x Abu Dhabi, UAEFriday 21 July 2017

West Bromwich Albion 0 West Ham United 0

Relief for manager Steve Clarke as home side end run of three consecutive defeats with a draw.

James Morrison, centre, the West Bromwich Albion midfielder, tries to fend off the challenge of two West Ham players. Laurence Griffiths / Getty Images
James Morrison, centre, the West Bromwich Albion midfielder, tries to fend off the challenge of two West Ham players. Laurence Griffiths / Getty Images

WEST BROMWICH // It may rank among the most forgettable matches of the Premier League season but at least the first slump of Steve Clarke's managerial career is over. After their season stalled with a hat-trick of defeats, West Bromwich Albion are on the move again, albeit slowly.

A rather sterile stalemate against West Ham United nudged them up to 27 points. Forty, the traditional guarantee of safety that the pragmatist in Clarke recognises is the first target, should be reached with much of the campaign remaining.

"It does stop the run of defeats and it is another point towards the total we are trying to achieve," he said. "I thought the draw was just about the right result."

West Ham, too, illustrated why safety beckons. After a gruelling recent run of games and with a lengthy injury list, they still ground out a draw.

Indeed, it represented a better result for them, not least because Albion's James Morrison twice struck the bar. The hosts had more of the possession and the majority of chances but their goal drought has been extended. "We didn't quite do enough," added Clarke.

November's manager of the month is unlikely to retain his title for December, not least because Albion have failed to score in their last three games, but they showed they are not a side on the slide.

They displayed organisation and endeavour, but while there was plenty of perspiration, inspiration was in rather shorter supply.

The only real moment of invention came from Morrison, who clipped the bar with an improvised volley after Zoltan Gera had hooked Chris Brunt's corner back into his path. The midfielder struck wood again when Brunt delivered another corner and he rose highest; once again the frame of the goal came to Jussi Jaaskelainen's rescue. "If that goes in, it is a different game," said Clarke.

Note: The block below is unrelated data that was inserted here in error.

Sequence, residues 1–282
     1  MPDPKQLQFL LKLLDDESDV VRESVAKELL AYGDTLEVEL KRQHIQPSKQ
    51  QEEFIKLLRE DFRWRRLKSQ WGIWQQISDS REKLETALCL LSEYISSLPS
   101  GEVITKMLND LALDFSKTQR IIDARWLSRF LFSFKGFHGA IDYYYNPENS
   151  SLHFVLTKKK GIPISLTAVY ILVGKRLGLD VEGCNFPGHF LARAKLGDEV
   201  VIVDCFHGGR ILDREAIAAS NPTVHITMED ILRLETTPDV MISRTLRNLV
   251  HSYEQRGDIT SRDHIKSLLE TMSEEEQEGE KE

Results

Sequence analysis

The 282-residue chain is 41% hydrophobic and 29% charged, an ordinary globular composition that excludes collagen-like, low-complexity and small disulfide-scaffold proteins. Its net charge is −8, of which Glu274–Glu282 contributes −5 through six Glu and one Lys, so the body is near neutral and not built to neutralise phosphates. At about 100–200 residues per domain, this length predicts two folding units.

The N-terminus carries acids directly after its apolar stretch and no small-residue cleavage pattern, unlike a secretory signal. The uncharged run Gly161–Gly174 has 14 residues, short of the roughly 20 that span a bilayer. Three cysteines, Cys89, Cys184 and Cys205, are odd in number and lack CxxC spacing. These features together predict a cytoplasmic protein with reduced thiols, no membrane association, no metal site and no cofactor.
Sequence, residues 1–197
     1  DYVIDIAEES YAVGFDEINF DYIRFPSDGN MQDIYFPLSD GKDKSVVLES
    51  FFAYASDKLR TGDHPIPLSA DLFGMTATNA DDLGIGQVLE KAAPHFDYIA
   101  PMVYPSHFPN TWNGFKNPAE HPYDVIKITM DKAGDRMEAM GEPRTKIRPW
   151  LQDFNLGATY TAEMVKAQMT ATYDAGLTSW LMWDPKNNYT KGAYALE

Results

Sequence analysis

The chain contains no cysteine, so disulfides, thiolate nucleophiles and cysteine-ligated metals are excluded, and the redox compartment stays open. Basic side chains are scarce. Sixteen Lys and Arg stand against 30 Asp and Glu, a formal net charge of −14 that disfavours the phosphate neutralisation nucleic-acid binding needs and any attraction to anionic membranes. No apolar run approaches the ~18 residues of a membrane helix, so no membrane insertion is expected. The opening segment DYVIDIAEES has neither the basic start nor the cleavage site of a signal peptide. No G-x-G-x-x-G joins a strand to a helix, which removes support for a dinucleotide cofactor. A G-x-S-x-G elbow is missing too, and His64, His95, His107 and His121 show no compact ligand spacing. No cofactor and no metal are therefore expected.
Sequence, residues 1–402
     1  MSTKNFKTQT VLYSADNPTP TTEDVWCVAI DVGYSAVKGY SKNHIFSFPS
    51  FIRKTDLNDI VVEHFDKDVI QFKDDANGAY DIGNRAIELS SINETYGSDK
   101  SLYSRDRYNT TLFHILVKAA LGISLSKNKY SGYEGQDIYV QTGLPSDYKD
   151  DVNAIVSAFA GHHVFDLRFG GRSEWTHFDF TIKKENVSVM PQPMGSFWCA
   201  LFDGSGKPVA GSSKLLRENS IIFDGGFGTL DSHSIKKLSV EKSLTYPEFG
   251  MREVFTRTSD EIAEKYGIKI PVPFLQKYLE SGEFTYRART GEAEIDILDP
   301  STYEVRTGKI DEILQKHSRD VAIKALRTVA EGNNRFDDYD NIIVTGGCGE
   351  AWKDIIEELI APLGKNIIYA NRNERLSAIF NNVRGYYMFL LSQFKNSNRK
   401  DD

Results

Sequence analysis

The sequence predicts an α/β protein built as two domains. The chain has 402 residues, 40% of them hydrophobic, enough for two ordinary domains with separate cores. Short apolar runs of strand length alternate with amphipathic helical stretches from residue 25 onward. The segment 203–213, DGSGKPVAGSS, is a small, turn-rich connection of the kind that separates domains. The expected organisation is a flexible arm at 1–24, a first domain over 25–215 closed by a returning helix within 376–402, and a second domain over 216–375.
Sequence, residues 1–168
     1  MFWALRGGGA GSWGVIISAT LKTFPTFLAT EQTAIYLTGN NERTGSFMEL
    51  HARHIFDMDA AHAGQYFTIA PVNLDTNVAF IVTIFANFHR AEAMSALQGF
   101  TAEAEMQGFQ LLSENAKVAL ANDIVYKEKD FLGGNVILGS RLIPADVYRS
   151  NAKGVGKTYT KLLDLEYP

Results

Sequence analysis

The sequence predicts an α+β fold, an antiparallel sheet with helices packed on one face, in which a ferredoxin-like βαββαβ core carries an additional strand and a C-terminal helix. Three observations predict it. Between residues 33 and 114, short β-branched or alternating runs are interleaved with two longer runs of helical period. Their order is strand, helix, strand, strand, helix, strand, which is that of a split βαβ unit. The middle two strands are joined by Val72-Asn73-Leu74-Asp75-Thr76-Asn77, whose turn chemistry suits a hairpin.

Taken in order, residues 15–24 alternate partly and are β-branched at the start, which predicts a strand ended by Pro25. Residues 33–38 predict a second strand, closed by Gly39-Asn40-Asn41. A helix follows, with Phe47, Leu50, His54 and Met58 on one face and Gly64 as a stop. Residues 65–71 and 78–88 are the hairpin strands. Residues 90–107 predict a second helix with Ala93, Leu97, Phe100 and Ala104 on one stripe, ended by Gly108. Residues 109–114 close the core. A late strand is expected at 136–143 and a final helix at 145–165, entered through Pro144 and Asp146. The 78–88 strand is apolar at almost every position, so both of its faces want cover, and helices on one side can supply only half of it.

But Allardyce felt they were rare opportunities. "Our defensive qualities were exceptionally good and that frustrated West Brom to little or no clear-cut chances," he said. "The players take great credit."

Central defenders Winston Reid and James Collins were particularly defiant.

They also had a role to play at the other end. Dead-ball expertise is a feature of Allardyce's teams and West Ham are no exceptions. It almost brought a breakthrough when Reid volleyed over after Collins headed Mark Noble's corner into his path. Late on, a stretching Joey O'Brien volleyed just over following a free kick from Noble, the designated set-piece specialist.

In between, there were moments of menace from Carlton Cole but they were isolated incidents.

The Hawthorns has become a fortress for Albion. Only Stoke City have conceded fewer goals at home and a shutout was a sign of solidity.

"It was important to defend well for the clean sheet," Clarke added, "We haven't had one for a while."

Their task was made simpler by the absence of many of the Hammers' attacking talents. Allardyce was only able to name six substitutes because of a debilitating injury list, with seven players sidelined.

"We are down to the bare bones," he said. "It was a real good, honest, solid performance from the players. I am really relieved we got a point."

Yet while it was a laudable effort, a lamentable game was summed up by gifted technicians, in Noble and Brunt, miskicking with a sight of goal.

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